Now Online: Video on Extension’s History

This week, March 21-26, Iowa State University Extension is celebrating Extension Week.  Check out their website for activities taking place on campus and throughout the state, such as here in Story County.

Perry Holden in the fields at Iowa State in 1905, one year before he was appointed first director of the Agricultural and Home Economics Extension Service

The Extension Service first began here at Iowa State, even before a national extension program was established.  As a land grant college, one of Iowa State’s founding principles was that higher education should be accessible to all.  In the 19th and early 20th century, the Extension Service grew out of early activities such as Iowa State’s short courses for farmers and Perry Holden’s corn train.  These were created from the need and desire to bring the ideas and research here at Iowa State out to the citizens of Iowa.

In 1906 the Iowa General Assembly appropriated funds to create a Department of Extension at Iowa State College.  The National Cooperative Extension Program was a result of the Smith-Lever Act (passed in 1914), which brought together the federal government, the states, and participating county governments as partners in a three-tiered organization to serve the nation’s farm population.

Holden presenting during one of his corn train classes in a train’s passenger car.  Holden’s short courses on corn were so popular that he decided to bring the course to farmers instead of having them flock to the Iowa State campus – and he did this on trains, nonetheless!

To learn more about the history of the Extension Service, take a look at a video we recently uploaded to our YouTube channel.  The video, Extension Heritage: Commemorating 50 Years of Extension Work in Iowa, was made in 1956 to celebrate Extension’s 50 year anniversary.  The video includes reminiscences of one of the founders of the Extension Service, Iowa State Professor Perry Holden.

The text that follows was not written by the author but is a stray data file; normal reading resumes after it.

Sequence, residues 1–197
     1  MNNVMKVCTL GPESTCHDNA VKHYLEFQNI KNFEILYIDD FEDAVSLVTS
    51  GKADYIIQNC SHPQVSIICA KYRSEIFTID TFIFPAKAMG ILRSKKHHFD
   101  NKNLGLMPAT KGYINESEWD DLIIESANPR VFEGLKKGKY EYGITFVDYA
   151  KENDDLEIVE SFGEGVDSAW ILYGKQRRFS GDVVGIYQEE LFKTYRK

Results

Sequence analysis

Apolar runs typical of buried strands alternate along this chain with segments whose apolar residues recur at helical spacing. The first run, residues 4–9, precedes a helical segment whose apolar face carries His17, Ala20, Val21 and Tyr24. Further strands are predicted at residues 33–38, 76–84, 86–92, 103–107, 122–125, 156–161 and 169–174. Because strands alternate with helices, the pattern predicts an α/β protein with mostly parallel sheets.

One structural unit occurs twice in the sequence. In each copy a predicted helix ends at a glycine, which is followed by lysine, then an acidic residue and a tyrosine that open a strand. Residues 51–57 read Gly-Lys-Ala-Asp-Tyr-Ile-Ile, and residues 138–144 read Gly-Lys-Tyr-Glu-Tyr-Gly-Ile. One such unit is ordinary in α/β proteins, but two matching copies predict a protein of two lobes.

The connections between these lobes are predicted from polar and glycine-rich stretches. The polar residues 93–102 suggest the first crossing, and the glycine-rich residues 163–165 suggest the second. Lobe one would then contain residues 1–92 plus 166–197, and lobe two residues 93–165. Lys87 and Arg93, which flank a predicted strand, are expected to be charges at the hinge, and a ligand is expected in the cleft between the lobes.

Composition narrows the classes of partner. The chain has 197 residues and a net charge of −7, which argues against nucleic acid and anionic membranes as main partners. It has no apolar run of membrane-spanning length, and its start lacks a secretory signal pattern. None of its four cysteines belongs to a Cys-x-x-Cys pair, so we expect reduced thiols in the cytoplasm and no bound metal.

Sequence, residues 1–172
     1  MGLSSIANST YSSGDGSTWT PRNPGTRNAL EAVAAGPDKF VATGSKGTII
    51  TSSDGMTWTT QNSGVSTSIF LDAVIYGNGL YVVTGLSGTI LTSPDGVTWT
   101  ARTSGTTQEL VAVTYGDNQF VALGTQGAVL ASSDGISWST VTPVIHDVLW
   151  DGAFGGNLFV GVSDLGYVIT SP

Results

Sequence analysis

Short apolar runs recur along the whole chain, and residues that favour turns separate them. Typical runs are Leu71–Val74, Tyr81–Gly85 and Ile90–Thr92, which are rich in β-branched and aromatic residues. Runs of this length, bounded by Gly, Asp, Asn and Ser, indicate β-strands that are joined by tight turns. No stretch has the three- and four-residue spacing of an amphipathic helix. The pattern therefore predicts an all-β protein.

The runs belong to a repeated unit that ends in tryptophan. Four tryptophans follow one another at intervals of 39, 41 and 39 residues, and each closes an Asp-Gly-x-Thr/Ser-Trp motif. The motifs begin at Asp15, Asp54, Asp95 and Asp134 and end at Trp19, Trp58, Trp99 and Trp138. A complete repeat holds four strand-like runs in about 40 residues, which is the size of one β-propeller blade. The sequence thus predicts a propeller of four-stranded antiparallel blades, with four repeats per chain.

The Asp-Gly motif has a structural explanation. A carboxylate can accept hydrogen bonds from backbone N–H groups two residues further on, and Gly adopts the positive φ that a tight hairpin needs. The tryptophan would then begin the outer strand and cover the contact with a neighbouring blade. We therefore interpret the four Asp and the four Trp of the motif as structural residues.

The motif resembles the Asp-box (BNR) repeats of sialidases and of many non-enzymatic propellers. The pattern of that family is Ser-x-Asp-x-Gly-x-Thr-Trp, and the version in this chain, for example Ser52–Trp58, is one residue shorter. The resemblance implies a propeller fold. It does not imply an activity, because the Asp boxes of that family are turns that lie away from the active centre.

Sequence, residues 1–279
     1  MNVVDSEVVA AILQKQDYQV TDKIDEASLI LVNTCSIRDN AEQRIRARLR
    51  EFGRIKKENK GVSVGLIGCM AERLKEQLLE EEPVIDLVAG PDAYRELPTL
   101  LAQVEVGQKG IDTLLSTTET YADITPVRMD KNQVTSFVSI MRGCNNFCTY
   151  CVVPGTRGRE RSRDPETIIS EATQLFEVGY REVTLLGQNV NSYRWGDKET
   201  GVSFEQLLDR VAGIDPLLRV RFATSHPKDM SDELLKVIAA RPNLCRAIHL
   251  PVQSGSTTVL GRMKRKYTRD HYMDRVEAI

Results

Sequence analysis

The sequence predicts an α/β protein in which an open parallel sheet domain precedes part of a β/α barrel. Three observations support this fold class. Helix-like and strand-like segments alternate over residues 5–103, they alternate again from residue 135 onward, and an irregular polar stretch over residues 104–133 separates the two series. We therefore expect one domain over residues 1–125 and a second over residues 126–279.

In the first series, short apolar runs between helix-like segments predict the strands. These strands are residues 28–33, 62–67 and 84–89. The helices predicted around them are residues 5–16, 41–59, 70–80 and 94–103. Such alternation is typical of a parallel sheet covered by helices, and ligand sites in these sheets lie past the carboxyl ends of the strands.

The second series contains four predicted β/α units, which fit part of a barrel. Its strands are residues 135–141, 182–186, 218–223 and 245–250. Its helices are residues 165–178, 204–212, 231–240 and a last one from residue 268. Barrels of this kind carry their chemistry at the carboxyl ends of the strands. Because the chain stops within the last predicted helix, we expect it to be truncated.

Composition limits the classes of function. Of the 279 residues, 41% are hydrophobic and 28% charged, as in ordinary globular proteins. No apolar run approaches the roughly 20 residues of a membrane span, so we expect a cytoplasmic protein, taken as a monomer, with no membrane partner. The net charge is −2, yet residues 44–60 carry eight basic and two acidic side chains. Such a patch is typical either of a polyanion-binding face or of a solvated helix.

Holden laid the groundwork for the Extension Service (first called the Agricultural and Home Economics Extension Service), and was appointed its first director in 1906.  In the video, Holden tells about giving 50 speeches in 3 days on his “corn train.”  Holden also reminisces about these courses with a reverend who was on one of the trains on which Holden spoke.  Among a variety of other topics, they discuss early extension work and past and future problems agriculture would face.

The video was made in a different documentary style than we may be used to now, but it contains interesting conversations and bits of history throughout:

We have a variety of collections here at Iowa State documenting the history of Extension, such as the Iowa State University Extension Service Records.  Other Extension related records and papers are listed here on our website.  The collections listed include our Perry G. Holden Papers.

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